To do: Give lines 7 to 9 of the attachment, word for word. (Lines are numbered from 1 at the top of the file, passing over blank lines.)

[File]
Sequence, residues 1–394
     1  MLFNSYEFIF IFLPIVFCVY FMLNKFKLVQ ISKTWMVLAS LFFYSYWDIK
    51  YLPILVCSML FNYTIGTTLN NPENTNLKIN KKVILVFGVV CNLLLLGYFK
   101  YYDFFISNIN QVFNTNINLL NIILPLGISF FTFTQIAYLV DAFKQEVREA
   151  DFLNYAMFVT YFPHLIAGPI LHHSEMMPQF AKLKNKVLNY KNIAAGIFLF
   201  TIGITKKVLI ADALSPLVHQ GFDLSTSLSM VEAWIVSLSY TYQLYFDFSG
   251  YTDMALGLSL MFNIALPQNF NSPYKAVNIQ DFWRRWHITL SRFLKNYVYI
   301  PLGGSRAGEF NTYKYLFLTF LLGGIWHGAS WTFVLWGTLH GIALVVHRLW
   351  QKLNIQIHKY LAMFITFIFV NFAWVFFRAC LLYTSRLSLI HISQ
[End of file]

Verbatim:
   251  YTDMALGLSL MFNIALPQNF NSPYKAVNIQ DFWRRWHITL SRFLKNYVYI
   301  PLGGSRAGEF NTYKYLFLTF LLGGIWHGAS WTFVLWGTLH GIALVVHRLW
   351  QKLNIQIHKY LAMFITFIFV NFAWVFFRAC LLYTSRLSLI HISQ